Demonstration Site: Habitat for Humanity – Philadelphia, PA
April 2002 – Kick-off meeting conducted; demonstration house identified.
May 2002 – House dimensions measured.
June 2002 – REM/Design analysis performed; duct layout designed; roof plan proposed. Initial recommendations, including PATH technologies, presented. Linoleum donation confirmed. Mechanical/electrical/plumbing recommendations presented to MEP contractor; roofing estimate received.
July 2002 – Structural repairs commenced. Stability of back wall certified by structural engineer.
August 2002 – Back wall parged. Construction start ceremony delayed due to finalization of house sponsorship. Floor joists installed for back bedroom and kitchen. Optimum Value Engineering (OVE) framing techniques training rescheduled.
September 2002 – OVE framing techniques and air sealing training conducted. Potential conflict with installing extruded polystyrene rigid insulation under modified bitumen roofing identified.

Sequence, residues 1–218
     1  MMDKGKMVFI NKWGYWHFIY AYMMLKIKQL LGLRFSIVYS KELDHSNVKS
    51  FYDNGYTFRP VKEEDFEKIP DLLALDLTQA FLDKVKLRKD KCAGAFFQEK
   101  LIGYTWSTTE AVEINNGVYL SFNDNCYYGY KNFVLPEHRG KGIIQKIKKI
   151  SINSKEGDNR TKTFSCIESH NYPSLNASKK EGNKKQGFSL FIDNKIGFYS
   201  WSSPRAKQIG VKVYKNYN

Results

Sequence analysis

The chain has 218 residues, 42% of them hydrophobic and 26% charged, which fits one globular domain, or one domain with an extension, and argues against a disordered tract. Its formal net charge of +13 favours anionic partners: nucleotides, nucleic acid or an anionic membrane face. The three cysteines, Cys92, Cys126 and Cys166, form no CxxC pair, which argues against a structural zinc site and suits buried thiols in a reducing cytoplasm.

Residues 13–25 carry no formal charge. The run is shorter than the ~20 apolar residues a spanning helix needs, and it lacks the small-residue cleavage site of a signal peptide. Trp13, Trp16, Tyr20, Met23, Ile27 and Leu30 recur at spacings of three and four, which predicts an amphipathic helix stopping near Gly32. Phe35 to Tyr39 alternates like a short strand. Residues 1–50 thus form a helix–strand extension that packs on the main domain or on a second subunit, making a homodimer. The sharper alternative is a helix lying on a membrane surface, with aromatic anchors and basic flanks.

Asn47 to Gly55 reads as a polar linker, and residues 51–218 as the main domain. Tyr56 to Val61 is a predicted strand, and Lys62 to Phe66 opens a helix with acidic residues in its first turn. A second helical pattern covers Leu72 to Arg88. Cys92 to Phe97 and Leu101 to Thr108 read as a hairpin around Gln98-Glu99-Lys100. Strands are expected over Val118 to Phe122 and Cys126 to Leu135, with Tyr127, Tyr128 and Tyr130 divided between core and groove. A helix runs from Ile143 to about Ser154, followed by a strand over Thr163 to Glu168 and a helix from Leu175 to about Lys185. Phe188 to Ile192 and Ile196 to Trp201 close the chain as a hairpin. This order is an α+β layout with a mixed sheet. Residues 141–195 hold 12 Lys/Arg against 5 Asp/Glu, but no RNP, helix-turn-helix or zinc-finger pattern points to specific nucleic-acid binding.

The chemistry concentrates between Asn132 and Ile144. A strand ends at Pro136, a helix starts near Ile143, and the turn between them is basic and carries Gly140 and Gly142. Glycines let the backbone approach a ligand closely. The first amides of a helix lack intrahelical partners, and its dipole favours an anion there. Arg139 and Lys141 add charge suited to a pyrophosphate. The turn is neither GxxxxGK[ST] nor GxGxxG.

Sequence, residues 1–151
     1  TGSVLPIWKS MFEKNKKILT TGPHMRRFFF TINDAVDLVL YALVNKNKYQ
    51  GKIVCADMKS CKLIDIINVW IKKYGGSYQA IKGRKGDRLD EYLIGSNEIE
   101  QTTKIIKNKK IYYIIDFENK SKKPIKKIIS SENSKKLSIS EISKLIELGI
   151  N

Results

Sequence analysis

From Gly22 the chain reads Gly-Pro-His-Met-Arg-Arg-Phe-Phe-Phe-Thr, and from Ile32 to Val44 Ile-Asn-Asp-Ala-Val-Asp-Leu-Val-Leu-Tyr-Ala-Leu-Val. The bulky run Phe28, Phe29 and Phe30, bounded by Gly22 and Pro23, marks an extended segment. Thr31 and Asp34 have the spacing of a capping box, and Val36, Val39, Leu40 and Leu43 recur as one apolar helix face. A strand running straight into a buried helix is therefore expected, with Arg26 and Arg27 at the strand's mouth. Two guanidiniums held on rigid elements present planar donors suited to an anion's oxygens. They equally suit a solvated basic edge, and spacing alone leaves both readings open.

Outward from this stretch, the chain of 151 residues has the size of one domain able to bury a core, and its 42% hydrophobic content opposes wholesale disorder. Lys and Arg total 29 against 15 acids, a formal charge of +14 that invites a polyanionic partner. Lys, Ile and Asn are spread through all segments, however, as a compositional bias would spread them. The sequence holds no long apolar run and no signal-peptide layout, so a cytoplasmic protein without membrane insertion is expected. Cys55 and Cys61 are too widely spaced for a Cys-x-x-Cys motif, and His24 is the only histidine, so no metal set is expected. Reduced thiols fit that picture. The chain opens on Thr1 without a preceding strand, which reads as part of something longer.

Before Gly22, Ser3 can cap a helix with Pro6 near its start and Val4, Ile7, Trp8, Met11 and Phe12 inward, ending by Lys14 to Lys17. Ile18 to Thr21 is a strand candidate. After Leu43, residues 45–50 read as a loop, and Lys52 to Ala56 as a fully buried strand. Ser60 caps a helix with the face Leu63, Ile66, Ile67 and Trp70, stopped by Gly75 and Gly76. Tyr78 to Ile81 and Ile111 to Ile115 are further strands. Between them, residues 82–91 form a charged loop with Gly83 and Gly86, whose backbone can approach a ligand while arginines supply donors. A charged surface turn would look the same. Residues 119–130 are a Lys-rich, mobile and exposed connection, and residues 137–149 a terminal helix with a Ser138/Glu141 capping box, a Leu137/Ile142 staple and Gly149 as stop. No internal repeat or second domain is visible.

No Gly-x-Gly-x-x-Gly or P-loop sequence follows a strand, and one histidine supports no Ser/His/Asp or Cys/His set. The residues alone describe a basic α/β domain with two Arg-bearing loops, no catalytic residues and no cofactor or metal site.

November 2002 – Framing was about 95% complete. According to the construction manager, the house would be ready for MEP rough-in, roofing, and window installation soon. The affiliate had raised some concerns about installing a full 6″ of insulation on the roof, as recommended by PATH. It would entail raising the party walls, treating the pressed metal façade in some manner, and procuring expensive 8″ fasteners. To resolve this issue, PATH proposed installing 4″ rigid XPS insulation above the roof decking and 2″ rigid XPS insulation directly below the roof decking. The desired insulation level (R-30) could still be achieved, while avoiding the problems mentioned above. In addition, the affiliate was still having some difficulty getting the donated XPS insulation from the local drop-off point and would contact other distributors for the material. PATH had also been informed that by mid-2003, all four Philadelphia HFH affiliates would merge into one. It was also affirmed that this demonstration project would be used as a model for the new affiliate’s future projects.